By Steve Miller
TOLEDO — U.S. Rep. Marcy Kaptur bid goodbye to political foe, Rep. Dennis Kucinich, before the votes were counted and her victory was sealed Tuesday night.
“I want to thank him for a spirited campaign,” Kaptur said to 100 supporters at a gathering here in a downtown union hall. “He wants to help our country, too, and I know that he will find a way to do that.”
In Cleveland, Kucinich did not admit defeat but quietly slipped out of what was supposed to be a victory party.
The Plain Dealer in Cleveland called it for Kaptur shortly after 11 p.m., and no one disagreed.
Unofficially, Kaptur had won four of the five counties in the district and 56 percent of the vote to Kucinich’s 40 percent. A third candidate, Graham Veysey, earned 4 percent of the vote.
It was the end of a hard-fought Democratic primary for the two incumbents, who were thrown together after redistricting allowed state Republicans to reconfigure Kaptur’s 9th Congressional District into a jagged mess last fall, welding the districts of Kaptur and Kucinich together in a 120-mile stretch of Lake Erie coastline from Toledo to Cleveland.
But she could only muster roughly 25 percent of the vote in Cuyahoga County, in which Cleveland sits and a place that Kucinich began his political career as a 22-year-old city councilman.
Kaptur extended a political glad hand to the county, though, despite the snub, promising to give her new constituents “the same representation we have given here,” referring to the Toledo area.
And Kaptur voiced her hopes that she will be considered for the open chair of the House Appropriations Committee, of which she has been a member since 1989.
“I could chair the appropriations committee,” Kaptur said, eliciting cheers from the more Beltway familiar in the audience. “I know that seniority has already gone to work for this community, and I don’t plan to quit.”
In Cleveland, Kucinich supporters at Rubin’s Family Restaurant on the city’s west side expected to hear a concession speech. Instead, the 65-year-old Kucinich concluded his campaign and his 16 years in Washington, D.C., with an unbridled attack on his opponent.
“I would like to be able to congratulate Congresswoman Kaptur, but I do have to say that she ran a campaign in the Cleveland media market that was utterly lacking in integrity, with false statements, half-truths and misrepresentations,” Kucinich said. “I hope that that is not the kind of representation that she would provide to the community.”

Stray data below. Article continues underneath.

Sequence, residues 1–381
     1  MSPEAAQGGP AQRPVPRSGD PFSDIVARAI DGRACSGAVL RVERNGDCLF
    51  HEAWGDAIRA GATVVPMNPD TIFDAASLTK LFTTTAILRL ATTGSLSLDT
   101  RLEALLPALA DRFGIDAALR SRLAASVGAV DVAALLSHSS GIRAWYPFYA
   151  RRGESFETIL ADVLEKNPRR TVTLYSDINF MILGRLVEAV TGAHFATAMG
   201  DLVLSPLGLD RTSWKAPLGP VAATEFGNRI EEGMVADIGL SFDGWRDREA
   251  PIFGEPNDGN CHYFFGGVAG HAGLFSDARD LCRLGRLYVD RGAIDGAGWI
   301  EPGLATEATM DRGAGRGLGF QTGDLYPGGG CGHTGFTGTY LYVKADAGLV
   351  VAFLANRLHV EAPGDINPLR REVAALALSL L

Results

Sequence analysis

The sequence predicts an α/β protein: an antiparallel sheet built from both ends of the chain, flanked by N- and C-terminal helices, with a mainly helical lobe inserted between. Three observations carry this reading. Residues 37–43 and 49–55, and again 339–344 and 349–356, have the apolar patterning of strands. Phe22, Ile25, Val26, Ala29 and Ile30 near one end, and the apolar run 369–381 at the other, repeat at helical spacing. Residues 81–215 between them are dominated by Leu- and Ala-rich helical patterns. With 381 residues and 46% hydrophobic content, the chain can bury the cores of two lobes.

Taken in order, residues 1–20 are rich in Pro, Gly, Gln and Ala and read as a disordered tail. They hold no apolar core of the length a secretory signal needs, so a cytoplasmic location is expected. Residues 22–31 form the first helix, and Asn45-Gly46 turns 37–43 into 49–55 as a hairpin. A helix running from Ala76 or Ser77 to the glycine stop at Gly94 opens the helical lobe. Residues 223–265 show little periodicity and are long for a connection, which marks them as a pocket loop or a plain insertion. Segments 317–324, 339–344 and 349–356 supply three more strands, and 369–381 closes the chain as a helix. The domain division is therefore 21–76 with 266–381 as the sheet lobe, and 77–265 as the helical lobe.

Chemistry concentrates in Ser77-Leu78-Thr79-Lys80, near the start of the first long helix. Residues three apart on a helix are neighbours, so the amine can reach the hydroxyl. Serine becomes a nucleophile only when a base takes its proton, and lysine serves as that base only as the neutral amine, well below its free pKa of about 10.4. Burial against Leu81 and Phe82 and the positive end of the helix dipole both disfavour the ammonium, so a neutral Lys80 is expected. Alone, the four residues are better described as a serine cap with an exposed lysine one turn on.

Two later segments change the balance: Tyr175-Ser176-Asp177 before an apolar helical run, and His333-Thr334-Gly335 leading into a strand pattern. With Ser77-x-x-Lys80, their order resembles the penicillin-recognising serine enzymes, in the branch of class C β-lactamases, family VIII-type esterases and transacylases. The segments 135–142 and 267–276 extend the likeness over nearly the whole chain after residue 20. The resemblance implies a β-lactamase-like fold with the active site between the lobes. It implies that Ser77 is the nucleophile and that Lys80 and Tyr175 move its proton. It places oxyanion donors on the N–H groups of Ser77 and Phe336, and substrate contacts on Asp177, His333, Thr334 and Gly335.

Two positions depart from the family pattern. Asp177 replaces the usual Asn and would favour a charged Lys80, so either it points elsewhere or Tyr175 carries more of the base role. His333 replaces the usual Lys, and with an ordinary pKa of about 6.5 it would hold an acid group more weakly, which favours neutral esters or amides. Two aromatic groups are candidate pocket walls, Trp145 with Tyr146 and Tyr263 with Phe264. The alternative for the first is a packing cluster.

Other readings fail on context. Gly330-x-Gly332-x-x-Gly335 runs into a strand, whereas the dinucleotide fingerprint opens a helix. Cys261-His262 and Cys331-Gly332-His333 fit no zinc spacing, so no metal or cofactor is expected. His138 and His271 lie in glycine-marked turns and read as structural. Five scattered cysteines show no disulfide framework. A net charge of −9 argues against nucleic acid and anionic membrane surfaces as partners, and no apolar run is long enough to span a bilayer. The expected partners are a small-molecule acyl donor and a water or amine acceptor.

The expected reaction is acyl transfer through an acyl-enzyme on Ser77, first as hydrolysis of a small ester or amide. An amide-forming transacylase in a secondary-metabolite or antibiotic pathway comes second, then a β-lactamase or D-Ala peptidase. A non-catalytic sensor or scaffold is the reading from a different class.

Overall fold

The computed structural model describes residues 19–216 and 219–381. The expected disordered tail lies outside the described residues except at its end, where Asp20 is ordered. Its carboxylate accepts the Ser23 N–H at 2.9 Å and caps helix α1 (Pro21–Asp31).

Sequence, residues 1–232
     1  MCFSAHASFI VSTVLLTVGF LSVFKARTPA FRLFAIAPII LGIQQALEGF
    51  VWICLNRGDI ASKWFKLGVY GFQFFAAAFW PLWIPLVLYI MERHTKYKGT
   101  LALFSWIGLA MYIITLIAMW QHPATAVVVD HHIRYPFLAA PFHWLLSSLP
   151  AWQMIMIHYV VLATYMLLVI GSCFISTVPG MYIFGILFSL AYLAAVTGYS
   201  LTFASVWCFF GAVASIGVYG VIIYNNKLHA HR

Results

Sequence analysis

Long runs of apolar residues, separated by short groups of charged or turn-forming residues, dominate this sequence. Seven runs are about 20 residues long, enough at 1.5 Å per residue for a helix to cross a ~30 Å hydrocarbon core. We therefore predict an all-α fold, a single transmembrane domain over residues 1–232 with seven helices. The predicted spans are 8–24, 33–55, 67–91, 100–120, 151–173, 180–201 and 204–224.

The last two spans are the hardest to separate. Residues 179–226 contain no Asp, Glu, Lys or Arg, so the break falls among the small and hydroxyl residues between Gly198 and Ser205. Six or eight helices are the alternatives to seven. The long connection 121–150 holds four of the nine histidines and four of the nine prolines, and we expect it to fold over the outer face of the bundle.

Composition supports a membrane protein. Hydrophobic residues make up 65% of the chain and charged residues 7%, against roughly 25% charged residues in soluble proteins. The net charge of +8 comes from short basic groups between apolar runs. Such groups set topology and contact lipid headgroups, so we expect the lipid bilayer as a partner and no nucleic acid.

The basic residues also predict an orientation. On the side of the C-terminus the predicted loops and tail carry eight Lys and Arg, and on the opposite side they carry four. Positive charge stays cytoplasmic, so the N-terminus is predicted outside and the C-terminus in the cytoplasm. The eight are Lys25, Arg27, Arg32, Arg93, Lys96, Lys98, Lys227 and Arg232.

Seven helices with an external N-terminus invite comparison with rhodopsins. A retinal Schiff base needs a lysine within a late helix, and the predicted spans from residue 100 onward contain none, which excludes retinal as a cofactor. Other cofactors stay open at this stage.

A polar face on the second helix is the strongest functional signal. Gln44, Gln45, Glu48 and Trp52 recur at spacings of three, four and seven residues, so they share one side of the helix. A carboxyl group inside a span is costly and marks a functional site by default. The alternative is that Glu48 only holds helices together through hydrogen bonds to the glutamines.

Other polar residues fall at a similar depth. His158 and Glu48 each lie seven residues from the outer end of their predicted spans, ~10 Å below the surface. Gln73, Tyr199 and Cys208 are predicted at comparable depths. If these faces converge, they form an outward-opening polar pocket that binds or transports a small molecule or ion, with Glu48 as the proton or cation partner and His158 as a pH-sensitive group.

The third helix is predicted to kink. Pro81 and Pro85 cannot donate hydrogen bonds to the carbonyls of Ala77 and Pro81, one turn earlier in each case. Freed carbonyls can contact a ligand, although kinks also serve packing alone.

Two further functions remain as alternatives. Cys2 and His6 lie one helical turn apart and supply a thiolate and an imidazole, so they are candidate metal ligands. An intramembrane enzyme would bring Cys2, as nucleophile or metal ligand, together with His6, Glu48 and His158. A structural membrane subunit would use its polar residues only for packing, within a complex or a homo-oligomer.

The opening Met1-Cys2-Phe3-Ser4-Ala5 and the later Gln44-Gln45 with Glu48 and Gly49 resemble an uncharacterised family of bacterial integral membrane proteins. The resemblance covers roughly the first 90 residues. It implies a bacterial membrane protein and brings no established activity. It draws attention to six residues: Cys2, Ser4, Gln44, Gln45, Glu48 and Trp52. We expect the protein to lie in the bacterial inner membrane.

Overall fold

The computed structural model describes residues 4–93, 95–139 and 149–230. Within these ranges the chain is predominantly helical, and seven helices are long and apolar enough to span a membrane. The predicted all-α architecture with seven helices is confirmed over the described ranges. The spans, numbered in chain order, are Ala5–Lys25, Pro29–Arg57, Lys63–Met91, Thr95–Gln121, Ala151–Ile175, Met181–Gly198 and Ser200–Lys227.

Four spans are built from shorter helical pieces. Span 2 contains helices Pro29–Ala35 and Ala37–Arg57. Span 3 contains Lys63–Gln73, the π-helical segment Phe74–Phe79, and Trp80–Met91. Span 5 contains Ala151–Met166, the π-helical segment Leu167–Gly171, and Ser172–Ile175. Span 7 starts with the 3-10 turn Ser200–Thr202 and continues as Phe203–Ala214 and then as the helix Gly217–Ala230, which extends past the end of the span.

Kucinich earlier in the day bought 60-second spots on Cleveland’s premier radio station WTAM for a last-minute plea to turn out voters, telling them that the redistricting threatened to leave Cleveland without representation. He cited a number of accomplishments done on behalf of the city.
But he was fighting a hard fight from the start. The Cook Political Report found the new district included 47 percent of Kaptur’s old district and 39 percent of Kucinich’s.
The two had pronounced differences. Kaptur is a social centrist, against federal tax dollars for abortion while Kucinich supports the funding. Kaptur also backs the Keystone XL Pipeline, while Kucinich is a strident environmentalist who opposes it.
Kucinich and his national profile, formidable via his two quixotic presidential runs in 2004 and 2008, had a hard time playing to the smaller communities in the new district.
In some places, like the area just east of Toledo, he was somewhat persona non grata. Last year, he asked the Nuclear Regulatory Commission to shut down the Davis-Besse Nuclear Power Station, a major employer in the area, because of safety concerns. At the time, the facility wasn’t in his district. Redistricting put it in. Continue reading.